When it comes time for your annual review, take these steps ahead of time to leave you optimally prepared and set you up for success.
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If you want to get good results from your review, you need to give something to give good results about.
In other words, be proactive and take the initiative to step up in your job and improve your own performance.
Waiting until it is the week before your review is too late to show your boss what the type of review is that you deserve, not to mention shows a lack of responsibility on your part; an inability to take initiative and poor self-motivation as a driver for success.
All of these things don’t really stack up to add much to your review.
Prepare a list of your accomplishments
It’s important before a job review to have a clear picture in your head of what you are going to use to back up your boss’s requests for evidence of your strong performance.
In the days leading up to the review, prepare a list of accomplishments or achievements that you have successfully completed in your tenure as an employee, focusing on the most current period.
Create a concrete scenario of these for your boss which details what you did, how it helped you improve and become better, and how it benefited the company in return.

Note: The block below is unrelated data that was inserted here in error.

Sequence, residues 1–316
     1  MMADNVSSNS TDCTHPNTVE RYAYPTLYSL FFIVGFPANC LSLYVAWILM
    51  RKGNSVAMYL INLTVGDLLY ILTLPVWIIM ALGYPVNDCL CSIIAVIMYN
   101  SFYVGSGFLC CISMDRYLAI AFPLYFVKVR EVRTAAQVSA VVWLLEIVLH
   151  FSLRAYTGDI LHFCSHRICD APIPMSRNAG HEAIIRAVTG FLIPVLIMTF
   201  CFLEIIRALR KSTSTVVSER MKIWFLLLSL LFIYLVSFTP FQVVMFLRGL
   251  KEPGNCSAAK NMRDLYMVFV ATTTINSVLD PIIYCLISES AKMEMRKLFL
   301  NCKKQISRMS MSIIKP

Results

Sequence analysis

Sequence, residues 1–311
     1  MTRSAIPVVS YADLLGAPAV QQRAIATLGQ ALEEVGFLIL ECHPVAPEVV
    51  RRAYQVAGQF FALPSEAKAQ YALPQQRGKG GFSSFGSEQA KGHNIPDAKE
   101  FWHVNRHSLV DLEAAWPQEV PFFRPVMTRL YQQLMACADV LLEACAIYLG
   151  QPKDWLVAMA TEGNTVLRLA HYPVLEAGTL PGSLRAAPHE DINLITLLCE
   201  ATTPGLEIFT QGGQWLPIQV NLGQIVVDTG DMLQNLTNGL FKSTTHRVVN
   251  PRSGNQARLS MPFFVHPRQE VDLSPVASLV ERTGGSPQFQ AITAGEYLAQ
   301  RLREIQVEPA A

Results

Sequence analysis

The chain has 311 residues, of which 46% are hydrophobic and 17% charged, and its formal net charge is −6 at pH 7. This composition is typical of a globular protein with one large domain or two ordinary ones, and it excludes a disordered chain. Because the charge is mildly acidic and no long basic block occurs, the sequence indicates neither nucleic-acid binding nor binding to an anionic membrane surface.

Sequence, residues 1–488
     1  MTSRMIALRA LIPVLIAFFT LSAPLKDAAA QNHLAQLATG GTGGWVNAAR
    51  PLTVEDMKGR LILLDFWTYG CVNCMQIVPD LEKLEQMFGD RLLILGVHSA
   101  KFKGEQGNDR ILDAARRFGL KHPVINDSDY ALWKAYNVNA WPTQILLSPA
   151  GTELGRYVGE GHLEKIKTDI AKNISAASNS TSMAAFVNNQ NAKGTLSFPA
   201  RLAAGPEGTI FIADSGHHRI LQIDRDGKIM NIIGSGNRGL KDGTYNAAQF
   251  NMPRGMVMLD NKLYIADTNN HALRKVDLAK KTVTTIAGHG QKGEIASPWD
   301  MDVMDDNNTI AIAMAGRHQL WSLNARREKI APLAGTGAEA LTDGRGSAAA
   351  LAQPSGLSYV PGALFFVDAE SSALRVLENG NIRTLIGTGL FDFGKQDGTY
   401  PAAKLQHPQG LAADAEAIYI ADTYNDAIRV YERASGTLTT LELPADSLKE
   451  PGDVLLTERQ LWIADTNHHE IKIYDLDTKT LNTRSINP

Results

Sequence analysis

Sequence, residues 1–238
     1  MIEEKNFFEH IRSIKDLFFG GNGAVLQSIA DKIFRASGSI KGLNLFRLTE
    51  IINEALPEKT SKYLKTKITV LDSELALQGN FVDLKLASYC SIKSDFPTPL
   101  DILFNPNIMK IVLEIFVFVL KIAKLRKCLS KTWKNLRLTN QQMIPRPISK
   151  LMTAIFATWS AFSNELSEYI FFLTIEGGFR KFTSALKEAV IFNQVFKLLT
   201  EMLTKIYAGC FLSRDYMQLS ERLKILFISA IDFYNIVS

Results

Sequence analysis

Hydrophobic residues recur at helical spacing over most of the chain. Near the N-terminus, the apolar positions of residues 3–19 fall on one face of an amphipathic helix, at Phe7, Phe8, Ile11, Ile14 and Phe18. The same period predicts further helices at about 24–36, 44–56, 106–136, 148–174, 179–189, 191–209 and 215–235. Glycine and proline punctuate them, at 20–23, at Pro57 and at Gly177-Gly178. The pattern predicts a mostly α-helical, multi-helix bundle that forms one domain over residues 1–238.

Complete a self-review
Going into a review, it is important to have an idea of your own perception of your performance.
Doing a self-review ahead of time is a great way for you to quantify the accomplishments you have prepared and understand how they reflect towards your status as an employee.
More than that, it’s a great way to address your areas of low performance, preparing you for the inevitable challenging questions from your boss regarding improvement, growth, and personal development.
Expect to be challenged
A job review isn’t just about painting a pretty picture of what you have done in the last six months.
It’s also about assessing where you may have failed to show up to your maximum abilities, where you may have let your performance suffer, and when you chose to stay in your comfort zone instead of stepping out.
Your boss will seek to get these answers from you by asking some tough questions to propel you towards the right answers.
Make this easier on yourself by thinking ahead of time of questions that you may be asked and coming up with answers accordingly.
Practice for the money question
Finally, when you have given an honest reflection of your performance, spoken to your accomplishments and answered the hard questions, the outcome of a performance review comes down to the money question: can I have a raise?
You should have a good idea going into the review, based on your self-evaluation and your prepared list of accomplishments, whether a raise is a reasonable thing for you to be asking for.
If it is, prepare your statement accordingly. If it’s not, ask for the right feedback to move forward so that you can be better positioned for a pay increase the next time.
The annual job review is nothing to be nervous about if you go into it with the right preparation.